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34764170

join:2007-09-06
Etobicoke, ON

1 recommendation

reply to PapaMidnight

Re: IPv6 Router Comptability

said by PapaMidnight:

The problem is many consumer routers do not support IPv6. Even those who pfSense, like myself, don't have IPv6 compatibility out the box.

To that point, many devices which support third-party firmware such as DD-WRT and Tomato lack the necessary ROM space to support IPv6.

More or less every router from the major brands out of the box supports IPv6 now and a lot of the older stuff has firmware upgrades to add support too. pfSense has IPv6 support with their 2.1 release.

Hardware that does not have the ROM space is already at the end of its lifespan or has already passed it. Hardware will be replaced over time with refreshes.

The idea is to roll it out on the network side and have more and more users become v6 enabled as time goes on and that will happen.


PapaMidnight

join:2009-01-13
Baltimore, MD

1 recommendation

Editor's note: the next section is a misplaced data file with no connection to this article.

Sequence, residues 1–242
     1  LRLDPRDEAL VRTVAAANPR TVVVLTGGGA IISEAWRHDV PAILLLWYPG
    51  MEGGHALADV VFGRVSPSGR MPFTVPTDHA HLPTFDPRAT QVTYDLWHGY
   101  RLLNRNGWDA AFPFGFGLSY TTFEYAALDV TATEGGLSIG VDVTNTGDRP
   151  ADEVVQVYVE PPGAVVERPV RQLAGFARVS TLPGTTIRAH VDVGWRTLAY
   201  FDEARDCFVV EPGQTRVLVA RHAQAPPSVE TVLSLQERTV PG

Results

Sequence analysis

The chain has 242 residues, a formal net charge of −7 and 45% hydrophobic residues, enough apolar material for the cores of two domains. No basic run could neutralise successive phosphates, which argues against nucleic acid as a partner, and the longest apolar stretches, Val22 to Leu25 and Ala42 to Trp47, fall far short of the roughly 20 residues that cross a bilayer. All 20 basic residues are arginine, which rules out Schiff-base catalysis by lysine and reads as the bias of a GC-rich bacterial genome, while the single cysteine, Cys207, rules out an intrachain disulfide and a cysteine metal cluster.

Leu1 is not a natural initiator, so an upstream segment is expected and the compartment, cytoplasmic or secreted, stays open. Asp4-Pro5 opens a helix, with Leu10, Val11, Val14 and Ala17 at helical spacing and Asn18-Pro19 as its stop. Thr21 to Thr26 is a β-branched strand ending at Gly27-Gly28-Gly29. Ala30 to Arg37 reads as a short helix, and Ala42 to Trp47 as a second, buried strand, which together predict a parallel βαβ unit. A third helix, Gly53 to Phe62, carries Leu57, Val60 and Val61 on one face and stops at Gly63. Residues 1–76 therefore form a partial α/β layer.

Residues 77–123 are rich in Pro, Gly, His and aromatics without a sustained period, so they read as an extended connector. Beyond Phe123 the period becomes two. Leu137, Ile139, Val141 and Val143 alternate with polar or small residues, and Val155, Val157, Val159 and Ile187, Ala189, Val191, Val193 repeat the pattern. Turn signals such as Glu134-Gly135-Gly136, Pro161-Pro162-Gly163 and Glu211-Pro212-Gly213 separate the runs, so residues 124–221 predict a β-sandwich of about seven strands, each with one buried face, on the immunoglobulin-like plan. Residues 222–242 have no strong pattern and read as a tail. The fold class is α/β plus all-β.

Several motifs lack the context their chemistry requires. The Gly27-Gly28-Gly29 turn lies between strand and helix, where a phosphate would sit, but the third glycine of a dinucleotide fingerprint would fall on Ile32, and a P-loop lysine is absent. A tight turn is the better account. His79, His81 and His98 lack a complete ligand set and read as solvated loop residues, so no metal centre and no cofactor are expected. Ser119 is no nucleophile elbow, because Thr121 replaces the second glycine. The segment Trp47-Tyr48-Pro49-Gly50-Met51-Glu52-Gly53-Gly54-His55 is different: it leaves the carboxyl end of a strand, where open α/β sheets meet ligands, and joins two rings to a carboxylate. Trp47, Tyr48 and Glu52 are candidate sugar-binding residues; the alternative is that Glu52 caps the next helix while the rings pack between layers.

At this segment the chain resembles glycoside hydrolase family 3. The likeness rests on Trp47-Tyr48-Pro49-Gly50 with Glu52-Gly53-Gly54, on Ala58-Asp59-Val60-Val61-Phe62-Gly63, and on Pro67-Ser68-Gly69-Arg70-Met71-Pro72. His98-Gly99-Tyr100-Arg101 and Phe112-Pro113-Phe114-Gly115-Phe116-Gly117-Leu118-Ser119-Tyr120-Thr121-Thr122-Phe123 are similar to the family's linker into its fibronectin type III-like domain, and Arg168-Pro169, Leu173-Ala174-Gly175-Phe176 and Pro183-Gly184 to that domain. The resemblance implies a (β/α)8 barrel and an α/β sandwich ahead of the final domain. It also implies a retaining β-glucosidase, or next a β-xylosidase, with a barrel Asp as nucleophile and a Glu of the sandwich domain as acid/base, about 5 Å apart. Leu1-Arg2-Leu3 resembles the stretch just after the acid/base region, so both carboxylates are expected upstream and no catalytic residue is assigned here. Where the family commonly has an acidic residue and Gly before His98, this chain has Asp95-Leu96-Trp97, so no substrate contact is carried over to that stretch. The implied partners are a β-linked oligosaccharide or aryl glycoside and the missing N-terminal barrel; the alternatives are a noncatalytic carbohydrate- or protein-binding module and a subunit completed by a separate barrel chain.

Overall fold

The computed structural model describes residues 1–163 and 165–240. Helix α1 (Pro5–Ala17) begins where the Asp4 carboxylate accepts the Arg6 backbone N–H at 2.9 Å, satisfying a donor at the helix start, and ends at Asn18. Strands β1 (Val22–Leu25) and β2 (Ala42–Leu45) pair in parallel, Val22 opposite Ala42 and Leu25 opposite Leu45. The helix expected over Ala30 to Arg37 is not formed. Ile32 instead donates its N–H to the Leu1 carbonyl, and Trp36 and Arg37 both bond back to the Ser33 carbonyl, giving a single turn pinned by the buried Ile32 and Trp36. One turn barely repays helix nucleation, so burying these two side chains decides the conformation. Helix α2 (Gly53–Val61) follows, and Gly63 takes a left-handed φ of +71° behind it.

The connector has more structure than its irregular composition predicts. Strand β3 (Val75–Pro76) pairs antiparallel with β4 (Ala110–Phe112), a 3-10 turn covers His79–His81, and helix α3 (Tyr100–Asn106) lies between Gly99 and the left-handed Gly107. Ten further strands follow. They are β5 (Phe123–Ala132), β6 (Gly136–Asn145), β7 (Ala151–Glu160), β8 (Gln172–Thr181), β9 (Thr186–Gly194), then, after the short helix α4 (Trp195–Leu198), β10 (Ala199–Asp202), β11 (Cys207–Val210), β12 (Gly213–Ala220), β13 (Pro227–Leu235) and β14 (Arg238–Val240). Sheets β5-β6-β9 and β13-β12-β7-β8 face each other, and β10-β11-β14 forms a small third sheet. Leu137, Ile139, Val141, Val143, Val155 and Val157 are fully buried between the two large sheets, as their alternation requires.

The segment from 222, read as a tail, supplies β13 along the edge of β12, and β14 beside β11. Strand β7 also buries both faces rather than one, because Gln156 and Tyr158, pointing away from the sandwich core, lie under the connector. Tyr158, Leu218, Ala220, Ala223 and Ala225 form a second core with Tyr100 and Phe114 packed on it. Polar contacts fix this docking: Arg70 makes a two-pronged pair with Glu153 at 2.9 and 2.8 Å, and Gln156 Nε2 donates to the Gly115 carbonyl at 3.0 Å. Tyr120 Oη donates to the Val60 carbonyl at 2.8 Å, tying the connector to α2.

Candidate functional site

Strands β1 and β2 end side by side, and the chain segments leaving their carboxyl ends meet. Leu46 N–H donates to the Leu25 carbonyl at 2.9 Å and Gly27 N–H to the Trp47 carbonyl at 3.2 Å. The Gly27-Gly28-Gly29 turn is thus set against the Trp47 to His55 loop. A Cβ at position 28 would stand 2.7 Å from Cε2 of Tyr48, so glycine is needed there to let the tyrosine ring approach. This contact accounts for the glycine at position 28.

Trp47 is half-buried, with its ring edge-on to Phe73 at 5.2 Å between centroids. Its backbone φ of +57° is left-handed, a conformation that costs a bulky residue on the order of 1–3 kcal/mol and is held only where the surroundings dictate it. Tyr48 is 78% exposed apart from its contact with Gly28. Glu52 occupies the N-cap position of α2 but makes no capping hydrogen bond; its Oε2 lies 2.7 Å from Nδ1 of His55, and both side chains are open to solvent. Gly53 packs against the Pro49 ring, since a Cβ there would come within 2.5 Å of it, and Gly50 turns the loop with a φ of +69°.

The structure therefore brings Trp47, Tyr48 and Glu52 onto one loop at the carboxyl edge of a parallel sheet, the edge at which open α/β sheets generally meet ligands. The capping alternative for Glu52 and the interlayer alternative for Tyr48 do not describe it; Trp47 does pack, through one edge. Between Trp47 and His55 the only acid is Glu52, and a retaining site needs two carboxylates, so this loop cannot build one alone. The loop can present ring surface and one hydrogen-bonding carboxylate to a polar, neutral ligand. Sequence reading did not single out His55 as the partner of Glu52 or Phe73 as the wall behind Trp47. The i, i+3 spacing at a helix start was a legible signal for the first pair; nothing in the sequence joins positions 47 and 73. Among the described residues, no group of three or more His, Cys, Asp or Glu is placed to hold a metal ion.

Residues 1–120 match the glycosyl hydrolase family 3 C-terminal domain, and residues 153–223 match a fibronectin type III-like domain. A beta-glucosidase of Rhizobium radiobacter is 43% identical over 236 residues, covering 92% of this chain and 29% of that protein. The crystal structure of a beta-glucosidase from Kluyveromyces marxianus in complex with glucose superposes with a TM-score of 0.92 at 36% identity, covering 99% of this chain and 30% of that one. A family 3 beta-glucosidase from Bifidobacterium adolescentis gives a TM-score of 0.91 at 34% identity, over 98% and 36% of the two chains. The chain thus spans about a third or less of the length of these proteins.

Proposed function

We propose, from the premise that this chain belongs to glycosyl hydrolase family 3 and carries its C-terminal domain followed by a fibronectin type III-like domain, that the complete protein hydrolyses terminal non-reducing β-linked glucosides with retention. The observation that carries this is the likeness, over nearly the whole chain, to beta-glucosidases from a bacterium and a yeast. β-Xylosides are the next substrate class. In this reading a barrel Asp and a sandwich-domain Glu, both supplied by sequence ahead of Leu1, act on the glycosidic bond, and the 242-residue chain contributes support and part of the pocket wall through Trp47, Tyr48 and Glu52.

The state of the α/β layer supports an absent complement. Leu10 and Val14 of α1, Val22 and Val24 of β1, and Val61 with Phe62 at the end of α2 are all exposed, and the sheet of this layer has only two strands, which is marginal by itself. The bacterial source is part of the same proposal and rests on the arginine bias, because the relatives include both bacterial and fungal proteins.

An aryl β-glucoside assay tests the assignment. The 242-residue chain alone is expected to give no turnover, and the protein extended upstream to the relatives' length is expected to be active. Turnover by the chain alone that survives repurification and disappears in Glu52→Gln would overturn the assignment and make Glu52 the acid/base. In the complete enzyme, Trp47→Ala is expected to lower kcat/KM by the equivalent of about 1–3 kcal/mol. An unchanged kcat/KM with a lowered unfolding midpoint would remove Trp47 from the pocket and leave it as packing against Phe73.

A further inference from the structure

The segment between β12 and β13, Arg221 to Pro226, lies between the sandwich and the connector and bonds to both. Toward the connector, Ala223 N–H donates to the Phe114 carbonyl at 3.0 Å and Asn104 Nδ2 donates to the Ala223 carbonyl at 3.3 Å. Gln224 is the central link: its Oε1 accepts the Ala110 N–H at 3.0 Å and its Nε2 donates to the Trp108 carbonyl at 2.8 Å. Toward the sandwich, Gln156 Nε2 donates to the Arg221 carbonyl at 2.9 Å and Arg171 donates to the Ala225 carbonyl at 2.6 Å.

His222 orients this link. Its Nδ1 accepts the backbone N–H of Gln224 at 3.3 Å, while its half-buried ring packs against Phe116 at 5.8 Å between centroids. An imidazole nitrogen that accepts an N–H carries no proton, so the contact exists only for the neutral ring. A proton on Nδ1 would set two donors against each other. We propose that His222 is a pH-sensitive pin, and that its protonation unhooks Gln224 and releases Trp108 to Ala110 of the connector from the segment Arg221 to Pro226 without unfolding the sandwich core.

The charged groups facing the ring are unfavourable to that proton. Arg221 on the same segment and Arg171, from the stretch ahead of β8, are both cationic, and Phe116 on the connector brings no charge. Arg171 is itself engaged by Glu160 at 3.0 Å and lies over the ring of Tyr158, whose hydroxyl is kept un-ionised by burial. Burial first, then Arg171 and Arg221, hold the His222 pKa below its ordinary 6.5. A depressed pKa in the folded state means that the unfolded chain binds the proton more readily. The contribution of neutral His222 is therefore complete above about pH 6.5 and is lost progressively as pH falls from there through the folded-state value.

2.1 is not presently stable; and while it is possible that those devices have reached their EoL, many a consumer likely recently (within the past two years) purchased a Wireless-N consumer router with no IPv6 support.

I also doubt that the average consumer knows what IPv6 (or v4 for that matter) even is. To them, they have perfectly functional devices with no incentive to upgrade.

Since these have ben EoL'd, there is no further development of firmware either by the first party (and these routers, more often than not, do not support an IPv6 capable version of dd-wrt or tomato); and I'm certainly not going to try to tell the average internet user how to switch over to DD-WRT, or convince them they need to spend money preliminarily with a new wifi spec on the horizon and their device is still operational.

Therefore, while it indeed may be the case that newer routers are available with IPv6, the sheer proliferation of IPv4 devices that lack IPv6 support (many of which are still stocked, priced low, and more likely for a consumer to buy at $49.99 than a new model at $89.99) makes deployment en mass difficult without direct ISP intervention or a concerted effort from device manufacturers to deploy firmware updates to older devices (Especially Linksys whose older firmware is riddled with known security holes that remain unpatched).

34764170

join:2007-09-06
Etobicoke, ON
You just ignored most of what I said and kept blabbering on.


PapaMidnight

join:2009-01-13
Baltimore, MD
Actually, I addressed every single point. I also provided real-world rationale for why your reasoning is not effective.

You chose to see it as a tl;dr and consider it "blabbering" - but to each their own.